A guest posting by toyportfolio.com’s co-founder Joanne Oppenheim
At dinner in an upscale restaurant the other night, we were seated beside a family with two small boys. One, I guessed, was half past two and the other four at most. One sat with Mommy the other sat opposite with Dad. The two boys never looked up nor did the family talk about anything. Mom was eating dessert and dad was drinking his coffee. The boys were completely engrossed with their parents’ smart phones. The younger boy seemed to be doing nothing but moving his finger from right to left. After a time he lifted the phone to hand it to mom but she didn’t notice until the phone fell on the floor as both mother and child gasped. The child put his hands over his face in horror and when he was scolded looked totally mournful. He slowly formed the words, sorry mommy…and looked away.
Fortunately the screen did not crack. But I thought at that moment of a case we recently reviewed that is made to protect just such events, but would be far too babyish for this family. But I couldn’t help thinking how glad I am that I missed parenting in this brave new age. Now maybe the precocious child was playing with an app designed as so many are for toddlers. My guess is he was doing nothing more than making things happen by moving photos on the screen. Whatever he or his brother were doing, their interactions at the dinner table had nothing to do with each other until something went wrong.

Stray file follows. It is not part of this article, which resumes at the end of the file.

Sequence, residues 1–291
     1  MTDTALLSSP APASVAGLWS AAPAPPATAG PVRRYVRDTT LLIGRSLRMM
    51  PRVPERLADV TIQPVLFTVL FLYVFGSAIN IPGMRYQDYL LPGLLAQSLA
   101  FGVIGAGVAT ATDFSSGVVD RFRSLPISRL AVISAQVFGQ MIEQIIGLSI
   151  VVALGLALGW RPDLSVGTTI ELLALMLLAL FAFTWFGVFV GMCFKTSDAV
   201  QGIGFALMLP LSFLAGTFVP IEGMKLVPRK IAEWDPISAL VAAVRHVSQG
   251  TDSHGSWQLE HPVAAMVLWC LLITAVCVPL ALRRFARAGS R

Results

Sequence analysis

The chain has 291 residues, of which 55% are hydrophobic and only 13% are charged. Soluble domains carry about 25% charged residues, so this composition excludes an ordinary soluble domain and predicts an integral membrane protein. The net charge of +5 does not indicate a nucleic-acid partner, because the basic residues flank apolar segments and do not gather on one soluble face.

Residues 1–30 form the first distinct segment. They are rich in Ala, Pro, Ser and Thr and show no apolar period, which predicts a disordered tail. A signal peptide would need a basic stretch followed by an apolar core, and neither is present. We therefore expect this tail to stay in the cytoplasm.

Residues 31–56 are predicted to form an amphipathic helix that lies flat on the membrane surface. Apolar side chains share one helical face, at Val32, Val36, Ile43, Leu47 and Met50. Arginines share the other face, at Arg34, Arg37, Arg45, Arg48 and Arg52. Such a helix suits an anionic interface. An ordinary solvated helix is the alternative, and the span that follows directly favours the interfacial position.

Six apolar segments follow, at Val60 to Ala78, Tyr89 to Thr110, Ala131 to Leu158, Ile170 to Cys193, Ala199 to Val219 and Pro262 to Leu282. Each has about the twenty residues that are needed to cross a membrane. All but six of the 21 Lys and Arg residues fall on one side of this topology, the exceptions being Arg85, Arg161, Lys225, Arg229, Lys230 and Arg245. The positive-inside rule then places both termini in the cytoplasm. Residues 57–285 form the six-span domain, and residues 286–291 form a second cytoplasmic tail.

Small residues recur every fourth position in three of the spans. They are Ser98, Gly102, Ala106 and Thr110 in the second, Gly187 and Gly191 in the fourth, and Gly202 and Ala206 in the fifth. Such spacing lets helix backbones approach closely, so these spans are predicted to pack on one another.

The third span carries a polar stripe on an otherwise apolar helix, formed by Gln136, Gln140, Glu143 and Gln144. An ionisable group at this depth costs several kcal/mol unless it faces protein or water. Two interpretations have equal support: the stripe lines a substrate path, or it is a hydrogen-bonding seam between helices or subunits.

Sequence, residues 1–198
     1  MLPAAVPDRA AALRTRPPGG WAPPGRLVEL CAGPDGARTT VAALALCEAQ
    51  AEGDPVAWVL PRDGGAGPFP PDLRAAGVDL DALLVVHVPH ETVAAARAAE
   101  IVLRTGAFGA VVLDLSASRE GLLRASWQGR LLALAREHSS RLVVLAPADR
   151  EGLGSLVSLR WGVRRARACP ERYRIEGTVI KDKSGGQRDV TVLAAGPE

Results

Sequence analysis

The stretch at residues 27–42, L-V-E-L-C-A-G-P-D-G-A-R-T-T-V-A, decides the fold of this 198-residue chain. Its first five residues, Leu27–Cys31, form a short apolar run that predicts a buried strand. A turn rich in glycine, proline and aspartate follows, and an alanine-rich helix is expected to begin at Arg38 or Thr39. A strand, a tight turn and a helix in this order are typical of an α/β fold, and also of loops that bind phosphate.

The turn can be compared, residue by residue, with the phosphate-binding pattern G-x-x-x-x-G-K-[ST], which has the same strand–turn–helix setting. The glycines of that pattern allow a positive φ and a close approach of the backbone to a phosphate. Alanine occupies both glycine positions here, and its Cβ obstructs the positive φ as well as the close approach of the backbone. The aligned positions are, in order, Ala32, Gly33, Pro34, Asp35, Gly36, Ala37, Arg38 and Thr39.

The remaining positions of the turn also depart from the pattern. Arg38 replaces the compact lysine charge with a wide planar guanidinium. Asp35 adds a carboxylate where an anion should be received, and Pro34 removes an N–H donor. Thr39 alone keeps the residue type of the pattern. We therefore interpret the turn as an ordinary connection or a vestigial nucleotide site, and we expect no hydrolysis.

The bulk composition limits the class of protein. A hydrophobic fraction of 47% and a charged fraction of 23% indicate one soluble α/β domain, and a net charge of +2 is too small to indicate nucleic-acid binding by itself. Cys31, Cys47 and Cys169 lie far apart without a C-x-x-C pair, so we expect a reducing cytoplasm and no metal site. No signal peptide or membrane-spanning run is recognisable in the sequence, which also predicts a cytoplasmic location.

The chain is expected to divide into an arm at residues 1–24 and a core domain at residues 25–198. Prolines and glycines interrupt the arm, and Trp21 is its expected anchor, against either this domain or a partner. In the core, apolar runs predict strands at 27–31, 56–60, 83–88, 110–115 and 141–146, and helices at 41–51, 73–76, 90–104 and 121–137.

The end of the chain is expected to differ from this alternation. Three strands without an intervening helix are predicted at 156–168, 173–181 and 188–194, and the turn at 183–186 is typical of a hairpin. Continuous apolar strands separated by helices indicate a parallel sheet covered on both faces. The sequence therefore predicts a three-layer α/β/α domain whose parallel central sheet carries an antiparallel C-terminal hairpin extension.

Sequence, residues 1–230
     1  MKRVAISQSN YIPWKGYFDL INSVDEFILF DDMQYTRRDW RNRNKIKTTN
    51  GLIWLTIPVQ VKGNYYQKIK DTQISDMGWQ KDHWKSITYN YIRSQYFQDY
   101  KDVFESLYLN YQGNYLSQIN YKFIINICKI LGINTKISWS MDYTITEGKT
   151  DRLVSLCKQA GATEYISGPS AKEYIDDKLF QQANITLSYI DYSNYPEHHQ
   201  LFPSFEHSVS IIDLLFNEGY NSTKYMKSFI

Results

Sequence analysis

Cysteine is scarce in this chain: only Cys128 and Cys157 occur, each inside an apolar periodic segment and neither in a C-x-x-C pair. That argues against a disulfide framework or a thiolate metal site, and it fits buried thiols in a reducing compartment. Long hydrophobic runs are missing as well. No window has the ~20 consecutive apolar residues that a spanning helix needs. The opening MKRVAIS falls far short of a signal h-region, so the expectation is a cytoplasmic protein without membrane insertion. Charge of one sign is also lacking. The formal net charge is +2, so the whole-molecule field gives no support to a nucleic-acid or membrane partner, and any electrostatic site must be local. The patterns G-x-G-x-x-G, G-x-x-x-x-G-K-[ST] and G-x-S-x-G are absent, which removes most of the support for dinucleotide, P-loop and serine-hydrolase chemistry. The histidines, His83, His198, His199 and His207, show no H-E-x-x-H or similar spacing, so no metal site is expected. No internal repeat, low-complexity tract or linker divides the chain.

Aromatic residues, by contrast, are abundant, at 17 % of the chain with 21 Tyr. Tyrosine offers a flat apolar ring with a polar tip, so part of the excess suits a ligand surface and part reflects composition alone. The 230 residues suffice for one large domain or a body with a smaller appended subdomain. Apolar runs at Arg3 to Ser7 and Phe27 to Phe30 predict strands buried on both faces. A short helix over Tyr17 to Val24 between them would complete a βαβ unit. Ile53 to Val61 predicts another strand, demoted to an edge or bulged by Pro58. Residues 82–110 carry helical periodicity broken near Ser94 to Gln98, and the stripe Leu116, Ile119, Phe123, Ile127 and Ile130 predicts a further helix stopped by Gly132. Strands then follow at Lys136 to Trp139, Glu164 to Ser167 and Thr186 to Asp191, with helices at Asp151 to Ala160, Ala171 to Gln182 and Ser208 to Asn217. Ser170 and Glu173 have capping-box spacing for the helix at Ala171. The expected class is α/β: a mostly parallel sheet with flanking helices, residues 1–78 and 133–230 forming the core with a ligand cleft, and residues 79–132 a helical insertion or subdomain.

Though I can no longer imagine a world without my own smart phone, computer and other devices, I have to admit I am glad they did not exist when I was raising my own children or eating out with grandchildren. When I think of that little family that barely talked to each other, I can imagine a time not far off when these same parents will be telling their kids to put their cells away and scolding them to “be present” during the limited time when the whole family is together.
Years ago it was mostly poor families that did not have a dinner hour when the family sat together and talked about the day. Often children from such homes came to their early school years with less language than those who came from homes where families shared more than food at the dinner hour and even read books aloud to children who could read.
Affluence has given us a new deprived class of kids. As always, the problem is not in the technology…but how we use it.
Let us know how you deal with technology in your family? Is there a “no phone” rule at your dinner table?